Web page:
In the first 6 months of 2013 (Period 1), liquid waste – consisting of produced fluid, servicing fluid, hydraulic fracturing fluid (frac fluid) waste, and drilling fluid waste – totaled 745,898 barrels (Bbl) or over 30,000,000 gallons. Solid waste – or drill cuttings – totaled 51,981 tons.1 To put this into perspective, 745,898 Bbls is equivalent to the water usage requirements of about 4 wells in West Virginia.2 The 51,981 tons of drill cuttings weighs about the same as the average amount of garbage produced by 65,029 Americans per year, or 1.5 times the population of Susquehanna County. The fluid waste is also enough to fill approximately 48 Olympic swimming pools.

Period 2 (July through December) of 2013, consisting of 319 reporting wells, experienced a 77% increase in liquid waste, climbing past the 1 million Bbl mark to 1,340,143 Bbl. This figure is the equivalent of filling almost 85 Olympic swimming pools. Similarly, drill cuttings increased to 96,165 tons, almost double the amount generated in Period 1. The total amount of waste generated by Cabot for the entire year yields more than 2 million Bbl of liquid waste and nearly 150,000 tons of solid waste from drill cuttings1 – more than 130 Olympic swimming pools worth of water and a weight of solid waste equivalent to the average waste generated by more than 120,000 American per year- over 2.8 times the population pf Susquehanna County (see infographic below).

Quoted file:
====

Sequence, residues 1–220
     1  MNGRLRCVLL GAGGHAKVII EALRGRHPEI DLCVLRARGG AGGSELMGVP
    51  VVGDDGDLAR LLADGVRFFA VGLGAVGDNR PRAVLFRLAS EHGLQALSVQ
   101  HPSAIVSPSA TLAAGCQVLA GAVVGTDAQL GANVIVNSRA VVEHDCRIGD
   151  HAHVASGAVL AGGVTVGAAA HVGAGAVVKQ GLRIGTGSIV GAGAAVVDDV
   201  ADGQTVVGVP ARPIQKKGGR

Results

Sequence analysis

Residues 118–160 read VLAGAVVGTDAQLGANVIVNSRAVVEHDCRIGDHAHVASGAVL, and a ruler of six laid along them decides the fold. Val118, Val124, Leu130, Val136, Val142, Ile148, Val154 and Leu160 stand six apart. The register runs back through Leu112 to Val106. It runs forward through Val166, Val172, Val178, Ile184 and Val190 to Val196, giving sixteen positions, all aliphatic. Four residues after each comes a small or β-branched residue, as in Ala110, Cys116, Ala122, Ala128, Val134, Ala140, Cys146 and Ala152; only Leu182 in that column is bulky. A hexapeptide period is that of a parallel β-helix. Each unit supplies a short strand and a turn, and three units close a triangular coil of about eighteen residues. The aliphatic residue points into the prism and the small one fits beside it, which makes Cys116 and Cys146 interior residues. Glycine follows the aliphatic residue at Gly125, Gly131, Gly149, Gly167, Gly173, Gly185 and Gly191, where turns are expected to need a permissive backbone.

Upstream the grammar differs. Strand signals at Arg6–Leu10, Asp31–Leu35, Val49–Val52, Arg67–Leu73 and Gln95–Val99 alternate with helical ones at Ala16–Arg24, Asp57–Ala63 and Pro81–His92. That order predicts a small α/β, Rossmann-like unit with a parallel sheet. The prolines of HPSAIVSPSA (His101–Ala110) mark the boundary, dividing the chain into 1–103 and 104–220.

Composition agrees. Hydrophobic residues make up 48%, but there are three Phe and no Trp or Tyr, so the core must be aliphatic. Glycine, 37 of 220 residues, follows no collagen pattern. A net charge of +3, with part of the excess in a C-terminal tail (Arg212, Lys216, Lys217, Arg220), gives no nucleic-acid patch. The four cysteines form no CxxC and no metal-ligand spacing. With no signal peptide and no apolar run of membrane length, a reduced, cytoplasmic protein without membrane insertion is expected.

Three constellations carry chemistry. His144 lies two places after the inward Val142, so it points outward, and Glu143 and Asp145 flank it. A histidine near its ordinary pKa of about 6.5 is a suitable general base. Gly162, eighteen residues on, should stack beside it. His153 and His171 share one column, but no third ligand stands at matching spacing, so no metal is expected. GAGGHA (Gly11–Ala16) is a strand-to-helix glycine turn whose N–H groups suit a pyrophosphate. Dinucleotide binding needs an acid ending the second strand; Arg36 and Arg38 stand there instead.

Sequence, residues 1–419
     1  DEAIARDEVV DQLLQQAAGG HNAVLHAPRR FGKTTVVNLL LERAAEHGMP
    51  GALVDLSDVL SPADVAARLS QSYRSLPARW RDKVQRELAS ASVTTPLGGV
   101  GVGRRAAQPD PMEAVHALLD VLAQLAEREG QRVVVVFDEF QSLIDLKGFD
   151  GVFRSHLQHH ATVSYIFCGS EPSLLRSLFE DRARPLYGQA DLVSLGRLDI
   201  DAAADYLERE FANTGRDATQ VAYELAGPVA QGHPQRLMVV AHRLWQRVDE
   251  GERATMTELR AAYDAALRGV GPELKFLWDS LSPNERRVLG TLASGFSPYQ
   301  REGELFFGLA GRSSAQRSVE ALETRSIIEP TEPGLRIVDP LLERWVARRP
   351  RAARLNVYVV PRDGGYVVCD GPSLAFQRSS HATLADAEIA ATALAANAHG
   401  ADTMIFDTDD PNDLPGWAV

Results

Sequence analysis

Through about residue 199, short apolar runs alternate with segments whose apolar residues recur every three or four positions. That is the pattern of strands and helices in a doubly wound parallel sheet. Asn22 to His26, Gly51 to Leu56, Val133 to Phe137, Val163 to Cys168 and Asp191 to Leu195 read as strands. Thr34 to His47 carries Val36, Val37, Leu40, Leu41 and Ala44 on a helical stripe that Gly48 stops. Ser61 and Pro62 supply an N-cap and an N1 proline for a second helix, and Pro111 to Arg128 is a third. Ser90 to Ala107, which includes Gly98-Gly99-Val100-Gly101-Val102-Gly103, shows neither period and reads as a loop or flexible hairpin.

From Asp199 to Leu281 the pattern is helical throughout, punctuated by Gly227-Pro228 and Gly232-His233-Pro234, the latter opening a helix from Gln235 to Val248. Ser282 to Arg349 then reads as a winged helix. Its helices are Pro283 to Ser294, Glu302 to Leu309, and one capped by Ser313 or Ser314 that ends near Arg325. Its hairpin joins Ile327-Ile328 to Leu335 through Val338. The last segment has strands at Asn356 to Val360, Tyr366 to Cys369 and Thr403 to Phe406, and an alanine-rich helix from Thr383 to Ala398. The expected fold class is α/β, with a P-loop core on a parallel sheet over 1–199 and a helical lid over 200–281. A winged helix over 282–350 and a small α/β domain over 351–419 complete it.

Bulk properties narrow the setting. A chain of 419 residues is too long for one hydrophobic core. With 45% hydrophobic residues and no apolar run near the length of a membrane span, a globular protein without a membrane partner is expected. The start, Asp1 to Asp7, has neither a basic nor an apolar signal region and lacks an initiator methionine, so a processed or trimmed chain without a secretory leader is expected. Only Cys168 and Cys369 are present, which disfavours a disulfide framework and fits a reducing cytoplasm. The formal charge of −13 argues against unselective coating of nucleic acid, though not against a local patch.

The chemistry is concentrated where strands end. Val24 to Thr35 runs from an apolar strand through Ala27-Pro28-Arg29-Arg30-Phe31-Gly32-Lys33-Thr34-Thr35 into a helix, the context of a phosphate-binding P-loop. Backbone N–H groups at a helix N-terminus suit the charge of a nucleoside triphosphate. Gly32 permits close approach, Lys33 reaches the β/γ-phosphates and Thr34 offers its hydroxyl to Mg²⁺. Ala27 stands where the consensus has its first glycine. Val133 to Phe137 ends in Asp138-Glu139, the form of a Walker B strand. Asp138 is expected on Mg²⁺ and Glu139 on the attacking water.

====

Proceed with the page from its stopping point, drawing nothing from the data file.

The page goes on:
Digging into waste data infographic

Waste Composition

According to Cabot’s waste data, most of the liquid waste is made up of produced fluid,1 which is the saline water that returns to the surface as a byproduct of the drilling process. This fluid can be up to 10 times saltier than ocean water and can also be radioactive.3 Frac fluid waste3 contributed to the next largest amount of waste, followed by drilling fluid waste and servicing fluid. Produced fluid tripled from Period 1 to Period 2, while frac fluid waste remained fairly steady, and drilling fluid waste decreased slightly. However, the amount of servicing fluid waste generated between the first and second half of 2013 increased more than 12 times.1 Overall, the following increases were seen between Period 1 and Period 2 in 2013: